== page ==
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By Editorial staff


Why we care about Zimbabwe’s situation

Under President Emmerson Mnangagwa, who took over after the military deposed Mugabe in 2017, the brutality continues.

You have to admire the grit of any opposition party in Zimbabwe which believes it can wrest power from the ruling Zanu-PF kleptocracy. That’s because despite attempts to portray the country as democratic, it is anything but.

For the past 25 years at election time, the party – whose éminence grise, Robert Mugabe, believed fervently in a one-party state – has attacked, arrested and killed anyone who dares raise a challenge against it.

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And before that, its army’s North Korean-trained Five Brigade slaughtered thousands of civilians in the Matabeleland province in what many characterise as a genocide.

Under President Emmerson Mnangagwa, who took over after the military deposed Mugabe in 2017, the brutality continues, justifying the continuation of sanctions against the party and its leaders by Western countries. Zanu-PF controls the police and security apparatus, which does its bidding.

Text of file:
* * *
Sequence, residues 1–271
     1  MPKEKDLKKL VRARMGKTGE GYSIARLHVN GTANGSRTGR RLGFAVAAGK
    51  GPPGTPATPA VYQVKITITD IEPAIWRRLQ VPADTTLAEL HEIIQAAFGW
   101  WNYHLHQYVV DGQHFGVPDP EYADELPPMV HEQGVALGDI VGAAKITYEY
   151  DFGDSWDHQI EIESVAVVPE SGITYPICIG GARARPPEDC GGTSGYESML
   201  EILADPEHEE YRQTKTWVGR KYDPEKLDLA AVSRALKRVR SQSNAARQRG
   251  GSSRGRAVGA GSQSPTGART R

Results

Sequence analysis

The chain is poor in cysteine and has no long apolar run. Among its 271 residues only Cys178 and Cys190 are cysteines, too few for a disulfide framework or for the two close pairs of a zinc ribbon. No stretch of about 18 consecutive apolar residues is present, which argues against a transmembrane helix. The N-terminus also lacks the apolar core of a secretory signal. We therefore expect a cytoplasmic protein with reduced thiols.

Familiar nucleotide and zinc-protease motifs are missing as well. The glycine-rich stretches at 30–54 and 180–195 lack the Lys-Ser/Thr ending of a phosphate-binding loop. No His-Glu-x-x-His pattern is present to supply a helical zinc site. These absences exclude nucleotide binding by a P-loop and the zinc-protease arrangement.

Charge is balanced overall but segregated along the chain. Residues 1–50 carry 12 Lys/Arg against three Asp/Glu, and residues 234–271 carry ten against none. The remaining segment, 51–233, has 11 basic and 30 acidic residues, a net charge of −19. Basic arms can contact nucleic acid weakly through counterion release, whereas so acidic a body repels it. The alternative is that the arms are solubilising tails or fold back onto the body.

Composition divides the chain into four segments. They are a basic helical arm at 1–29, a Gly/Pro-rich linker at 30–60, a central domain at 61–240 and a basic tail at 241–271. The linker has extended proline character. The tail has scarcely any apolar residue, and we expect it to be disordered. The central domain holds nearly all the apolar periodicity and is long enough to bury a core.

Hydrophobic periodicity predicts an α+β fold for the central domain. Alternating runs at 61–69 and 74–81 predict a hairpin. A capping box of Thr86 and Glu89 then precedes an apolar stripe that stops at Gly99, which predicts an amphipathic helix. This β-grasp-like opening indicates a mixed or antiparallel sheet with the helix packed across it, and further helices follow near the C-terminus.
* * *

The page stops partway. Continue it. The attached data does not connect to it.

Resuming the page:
Hence in the run-up to the national election in the country next week, there have been multiple instances of arrests of opposition party members.

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In league with the government appears to be the judiciary, the latest example of that being a high court ruling that an opposition application to view the voters’ roll was “not urgent” – nine days before the poll.

Zimbabwe’s electoral commission is also alleged to be deeply compromised and recently refused to accredit a well-known academic as an election observer.

Why should we care about what happens north of the Limpopo? As long as the country continues to be looted by a small local and international elite, Zimbabweans will continue to flock across our borders looking for mere survival. Also, events there could be replicated here, in time, some believe.

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Fortunately, our electoral commission has proved its independence and efficiency since 1994 and citizens must encourage its work in the future. We must be the democracy Africa looks up to.